"Hmm," said Sheerluck Soames, to Dr Wotsit, the faithful sidekick.

"The gardener who is responsible for this bed is - let me see, five foot, five and three quarter inches tall, and has an aversion to using a ladder."


Every time I go past this section of hedge, I nip off any branches which are sticking out over the grass, so that whoever mows the grass can do so with ease, and so that the grass isn't deprived of light, which would make it die: and that would be really annoying, right by the gate, which obviously concentrates all the foot traffic.

And, selfishly, so that I can open the gate properly, get a wheelbarrow through properly, and generally just move around the area without having great big wet Yew branches thwacking me in the face.

Then, when I was weeding the bed, I was again being thwacked by over-long branches, and it was getting hard to reach some of the plants, so I just nipped back a few branches each time I was working there.

I hadn't noticed how much of it I had trimmed off - and oh look! What a lovely neat corner!

Thursday, 30 April 2020

Artisan Gardening. What the heck is that?

"What's that?" I hear you say.

"Bit pretentious, innit?"

You could be right... but this is a bit of a soapbox of mine, so get a cup of tea, settle down, and let me tell you all about it.

Being a "gardener", you see, is one of those annoying job titles that doesn't mean much: we need a new word for someone who gardens not as a hobby, but professionally, at a much higher level than mere amateurs – in the same way that a Chef is only another name for a cook, but while we can all cook, none of us would claim the title of Chef unless we had been trained.

Likewise, all you need to be a hairdresser is a pair of scissors and a comb: which is fine for simple styles, or if you like the pudding basin look, but if you want a complex layer cut, or advice on what style would suit your face, or you want to dye your hair, or perm it, or you need to look good for a special event, or you have problems with your hair: well, you go to a professional who is trained, experienced, and insured, don't you?

My friend Paula came up with the word Plantsmith which I think is brilliant: it gives the immediate impression of someone who works hands-on with plants, which is accurate, and has a pleasing overtone of Blacksmith, with echoes of years of training and experience, a level of aptitude, physical strength and a feeling that it is a life-long commitment.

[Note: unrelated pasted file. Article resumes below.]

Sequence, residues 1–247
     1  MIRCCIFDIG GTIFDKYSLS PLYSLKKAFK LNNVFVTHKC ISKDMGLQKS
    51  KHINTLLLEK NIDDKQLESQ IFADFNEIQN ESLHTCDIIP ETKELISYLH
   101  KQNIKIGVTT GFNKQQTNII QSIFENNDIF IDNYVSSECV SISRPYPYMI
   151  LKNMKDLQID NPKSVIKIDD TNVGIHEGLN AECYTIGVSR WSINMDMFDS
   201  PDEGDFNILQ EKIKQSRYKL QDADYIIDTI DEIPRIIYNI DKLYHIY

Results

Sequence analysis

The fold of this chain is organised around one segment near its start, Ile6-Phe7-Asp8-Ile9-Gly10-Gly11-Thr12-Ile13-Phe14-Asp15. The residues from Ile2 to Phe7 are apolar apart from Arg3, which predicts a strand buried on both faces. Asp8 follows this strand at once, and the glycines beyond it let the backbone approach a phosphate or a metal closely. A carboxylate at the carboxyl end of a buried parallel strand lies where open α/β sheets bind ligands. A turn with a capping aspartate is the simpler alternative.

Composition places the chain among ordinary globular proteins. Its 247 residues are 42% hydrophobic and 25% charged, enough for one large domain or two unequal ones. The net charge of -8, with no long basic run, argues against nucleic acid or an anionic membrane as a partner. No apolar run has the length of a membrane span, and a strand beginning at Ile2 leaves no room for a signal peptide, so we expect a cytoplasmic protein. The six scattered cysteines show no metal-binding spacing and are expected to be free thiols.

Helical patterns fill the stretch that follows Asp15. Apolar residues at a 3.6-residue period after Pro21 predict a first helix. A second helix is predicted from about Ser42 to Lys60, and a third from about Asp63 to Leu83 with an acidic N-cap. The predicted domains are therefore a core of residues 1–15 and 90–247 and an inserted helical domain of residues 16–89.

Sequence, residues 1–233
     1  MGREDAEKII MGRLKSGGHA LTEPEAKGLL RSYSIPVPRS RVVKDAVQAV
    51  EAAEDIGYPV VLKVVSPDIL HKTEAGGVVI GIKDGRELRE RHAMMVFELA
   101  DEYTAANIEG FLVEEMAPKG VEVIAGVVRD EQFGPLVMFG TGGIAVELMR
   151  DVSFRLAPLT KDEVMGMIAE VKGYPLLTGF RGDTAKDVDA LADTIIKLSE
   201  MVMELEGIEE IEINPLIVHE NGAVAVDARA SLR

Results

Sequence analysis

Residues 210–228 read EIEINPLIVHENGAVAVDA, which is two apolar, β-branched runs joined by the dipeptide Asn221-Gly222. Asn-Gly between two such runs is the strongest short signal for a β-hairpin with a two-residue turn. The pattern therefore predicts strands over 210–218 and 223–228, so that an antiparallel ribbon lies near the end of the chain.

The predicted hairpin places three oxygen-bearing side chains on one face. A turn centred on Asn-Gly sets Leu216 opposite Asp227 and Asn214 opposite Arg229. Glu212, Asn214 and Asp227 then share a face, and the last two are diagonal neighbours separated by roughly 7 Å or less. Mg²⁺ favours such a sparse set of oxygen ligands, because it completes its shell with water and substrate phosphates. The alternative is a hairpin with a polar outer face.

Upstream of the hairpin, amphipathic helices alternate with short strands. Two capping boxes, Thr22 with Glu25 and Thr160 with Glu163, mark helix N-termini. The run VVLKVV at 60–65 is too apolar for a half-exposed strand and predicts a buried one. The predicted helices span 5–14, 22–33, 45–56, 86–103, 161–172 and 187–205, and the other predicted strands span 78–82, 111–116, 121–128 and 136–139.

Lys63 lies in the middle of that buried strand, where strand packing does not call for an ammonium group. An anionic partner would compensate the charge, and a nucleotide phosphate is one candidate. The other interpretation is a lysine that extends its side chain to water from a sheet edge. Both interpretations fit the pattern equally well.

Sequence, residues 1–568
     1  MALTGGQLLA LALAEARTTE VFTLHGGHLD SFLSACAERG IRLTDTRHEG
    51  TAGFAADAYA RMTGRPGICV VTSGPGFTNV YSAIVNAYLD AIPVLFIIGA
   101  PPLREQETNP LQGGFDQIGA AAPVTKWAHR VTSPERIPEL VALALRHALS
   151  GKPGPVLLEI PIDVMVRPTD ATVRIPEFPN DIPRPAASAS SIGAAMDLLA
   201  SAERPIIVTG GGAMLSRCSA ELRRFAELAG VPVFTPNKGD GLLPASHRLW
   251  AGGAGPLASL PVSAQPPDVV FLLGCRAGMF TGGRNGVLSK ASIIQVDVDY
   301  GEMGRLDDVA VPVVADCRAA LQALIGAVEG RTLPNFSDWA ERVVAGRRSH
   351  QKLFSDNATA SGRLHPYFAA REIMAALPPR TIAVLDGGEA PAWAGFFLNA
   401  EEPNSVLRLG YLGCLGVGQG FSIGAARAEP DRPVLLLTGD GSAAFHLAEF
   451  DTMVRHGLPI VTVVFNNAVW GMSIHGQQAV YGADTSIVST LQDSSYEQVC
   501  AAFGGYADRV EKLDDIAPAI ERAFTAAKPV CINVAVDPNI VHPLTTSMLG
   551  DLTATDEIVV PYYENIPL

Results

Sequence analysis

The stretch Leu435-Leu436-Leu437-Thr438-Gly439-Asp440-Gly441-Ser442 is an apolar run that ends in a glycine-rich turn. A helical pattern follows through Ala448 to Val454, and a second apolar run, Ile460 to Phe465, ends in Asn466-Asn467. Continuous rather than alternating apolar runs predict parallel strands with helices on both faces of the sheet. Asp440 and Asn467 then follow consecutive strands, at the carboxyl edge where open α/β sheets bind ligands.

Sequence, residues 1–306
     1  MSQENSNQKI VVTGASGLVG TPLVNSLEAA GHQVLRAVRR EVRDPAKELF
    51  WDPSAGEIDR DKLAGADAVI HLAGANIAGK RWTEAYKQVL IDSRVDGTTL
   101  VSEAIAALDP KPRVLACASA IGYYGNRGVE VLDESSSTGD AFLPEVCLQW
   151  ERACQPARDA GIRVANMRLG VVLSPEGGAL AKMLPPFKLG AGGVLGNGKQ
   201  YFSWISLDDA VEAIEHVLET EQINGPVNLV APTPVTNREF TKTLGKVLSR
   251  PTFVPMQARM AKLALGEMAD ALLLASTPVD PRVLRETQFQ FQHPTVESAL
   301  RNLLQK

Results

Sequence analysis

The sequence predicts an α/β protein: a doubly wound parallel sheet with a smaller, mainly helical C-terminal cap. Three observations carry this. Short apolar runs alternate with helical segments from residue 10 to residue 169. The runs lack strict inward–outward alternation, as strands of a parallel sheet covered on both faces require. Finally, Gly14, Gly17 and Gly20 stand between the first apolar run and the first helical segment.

And I've just started using the phrase Artisan Gardener, which came to me in a flash of light when reading a recipe which suggested the meal be served with “artisan bread”. I had no idea what they meant by “artisan bread” but at the same time, I knew EXACTLY what they meant: something hand-baked, non-mass-produced, more expensive than supermarket bread, possibly much tastier, made by someone with experience and/or training in bread making, someone with a bit of artistic flair, possibly using more expensive materials.

Isn't that exactly what I, as a Professional Gardener, am doing?  Yes, anyone can "do a bit of weeding" but there's a reason why people pay me to do their garden. Well, to be honest there are many reasons, and simply "not having enough time to do it myself" is rarely one of them.

I don't consider myself to be “arty” in the least, but gardening professionally does require a certain “eye” for colour and composition, an understanding of design, style and repetition, and being an Artisan Gardener seems to me to sum up all those added extras that I bring to a garden.

One of my friends objected, saying that she hated the word Artisan, along with Upcyled, Vintage, and Etsy. I know what she means, and I'd add “pre-loved” to that list. But in my opinion, people older than me accept the word “artisan” in its original meaning of craftsman: and those rather younger than me, the pre-loved upcycling crowd: well, they are the generation that my website is aimed at, so using a term which they are comfortable with should just bring me in a whole new wave of customers!

Personally I still can't accept “Plantsman” (or the horrible clunky “Plantswoman” which I think is far more sexist than just making “Plantsman” apply equally to men and women) as I think it is pretentious, and it doesn't convey that you actually work with your hands. I really dislike “Horticulturist”, for much the same reasons.

But Artisan Gardener: that, I can live with.

And if you want to see examples of what it means to be an Artisan Gardener, look for the posts which are labelled Artisan Gardening: there's a pane on the right-hand side *points*,  which starts with Buy The Book! (relentless self-publicity...!), About Me, Followers etc, and if you scroll down, you get a list of "Frequently Covered Subjects!"  Just click on Artisan Gardening and there they are!

Making a lonely dark corner into something lovely

Being an Artisan gardener means.... that you could do something simple and ordinary, but instead you choose to go one step beyond....